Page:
Two of our featured DAM vendors, SDL and North Plains, have announced a strategic partnership where SDL will resell North Plains various Digital Asset Management solutions along with their range of WCM and translation products. The ‘boss quote’ from SDL CEO, Mark Lancaster, has unfortunately let the side down a bit today compared with the other two senior manager soundbites from Picturepark and Extensis:
“Today’s customer expects to be served with consistently engaging, personalized and contextually accurate experiences, where rich media plays a big role in that process. To deliver on this growing requirement, organizations need the creative and operational agility to deliver a wide variety of content ranging from simple text to highly interactive, media rich encounters. Our strategic partnership with North Plains extends our ability to provide enterprise customers the solutions they need to drive the digital customer experiences using rich media from multiple sources.” [Read More]
I’m going to have to award that a, “must try harder” 5/10 for excessive corporate newspeak; ‘contextually accurate experiences’ being the prima facie case in point. I can think of a lot of things here, probably none of them ‘contextually appropriate’, although they would be accurate – contextually or otherwise. In fairness to Mark, the mention of ‘rich media’ does mitigate against a far lower score. They also have a quote from Eric Courville, VP of Marketing at North Plains which is a little more to the point:
“This partnership with SDL is not only important but also strategic to North Plains’ vision of enabling our customers to better connect with, and engage with their audience by leveraging visual assets. The power of our technology combined with SDL’s solution is the perfect match for our customers to effectively manage their visual assets throughout the entire Creative Marketing Lifecycle” [Read More]
Cutting through the PR, what is particularly noteworthy is that this is two vendors who ostensibly are in competition with each other – albeit offset in terms of core markets. North Plains are obviously far more of a specialist, pure play DAM vendor than WCM/translation specialists, SDL, however, both have considered it worthwhile getting themselves DAM Vendors listing. As those vendors reading this will be aware, filling out the online form to register a profile requires the vendor to spend a little time assembling information about their product and for larger vendors especially, this might involve needing to email or call engineers or product managers to check key points. It’s not usually a job you can tick off during a coffee break.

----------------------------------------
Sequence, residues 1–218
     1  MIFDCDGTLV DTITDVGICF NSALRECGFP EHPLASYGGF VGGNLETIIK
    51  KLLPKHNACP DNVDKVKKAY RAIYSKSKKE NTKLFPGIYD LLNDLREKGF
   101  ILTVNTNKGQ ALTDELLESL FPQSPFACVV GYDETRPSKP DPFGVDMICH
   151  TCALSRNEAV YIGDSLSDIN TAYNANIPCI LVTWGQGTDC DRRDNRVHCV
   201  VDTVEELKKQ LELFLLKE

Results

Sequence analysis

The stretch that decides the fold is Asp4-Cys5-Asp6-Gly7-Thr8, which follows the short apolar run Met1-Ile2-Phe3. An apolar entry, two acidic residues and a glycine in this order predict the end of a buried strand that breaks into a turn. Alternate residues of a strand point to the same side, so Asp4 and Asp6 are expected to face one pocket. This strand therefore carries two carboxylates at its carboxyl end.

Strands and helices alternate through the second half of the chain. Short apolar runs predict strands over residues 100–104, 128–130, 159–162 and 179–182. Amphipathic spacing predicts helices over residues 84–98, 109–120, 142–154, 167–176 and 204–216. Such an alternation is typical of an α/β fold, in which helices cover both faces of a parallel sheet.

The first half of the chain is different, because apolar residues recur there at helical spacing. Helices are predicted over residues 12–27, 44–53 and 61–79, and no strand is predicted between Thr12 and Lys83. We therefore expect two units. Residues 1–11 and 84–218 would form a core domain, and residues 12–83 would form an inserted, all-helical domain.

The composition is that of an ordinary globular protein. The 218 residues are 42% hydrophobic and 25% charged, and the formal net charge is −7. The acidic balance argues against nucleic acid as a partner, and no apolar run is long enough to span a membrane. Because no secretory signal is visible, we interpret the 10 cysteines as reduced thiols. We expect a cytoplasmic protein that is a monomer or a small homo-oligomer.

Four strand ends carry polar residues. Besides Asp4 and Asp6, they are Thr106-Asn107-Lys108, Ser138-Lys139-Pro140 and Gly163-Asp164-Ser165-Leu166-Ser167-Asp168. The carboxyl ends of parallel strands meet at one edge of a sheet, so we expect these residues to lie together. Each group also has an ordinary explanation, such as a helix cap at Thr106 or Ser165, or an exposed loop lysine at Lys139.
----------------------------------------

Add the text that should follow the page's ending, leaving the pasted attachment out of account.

I am not sure if SDL plan to continue to offer Media Manager in addition to North Plains’ range of products. As they (especially) are well aware, DAM is not a ‘one size fits all’ proposition, which is why they have acquired two additional products themselves, so it is conceivable that SDL can promote their own product and simultaneously offer North Plains DAM solutions. I am not fully familiar with the SDL Media Manager to know how it compares with other DAM offerings, although from my experience, applications developed by non-DAM specialists tend to be unsatisfactory and lacking in sophistication (which is why DAM vendors usually need to focus on DAM and not much else to do it properly).
It will be interesting to see how this partnership plays out and if SDL quietly drop their Media Manager application or if they integrate it more closely with North Plains’ range. The second outcome would be more of a marker of a sea-change in the wider DAM market as indicates vendors being willing to aggregate their application services through an integration protocol (namely North Plains ‘Connect-R’), but I am not sure how likely that is. A further possibility is SDL simply allow Media Manager to wither on the vine and maintain support for it but without new investment, that is really the first outcome, but it might be the compromise they go with. Whatever your view on the possible outcomes, these type of strategic alliances with vendors that are within touching distance of each other in terms of products or services offered are generally worth paying attention to as they do signal some kind of senior management intent for the business about who they are and where they are going.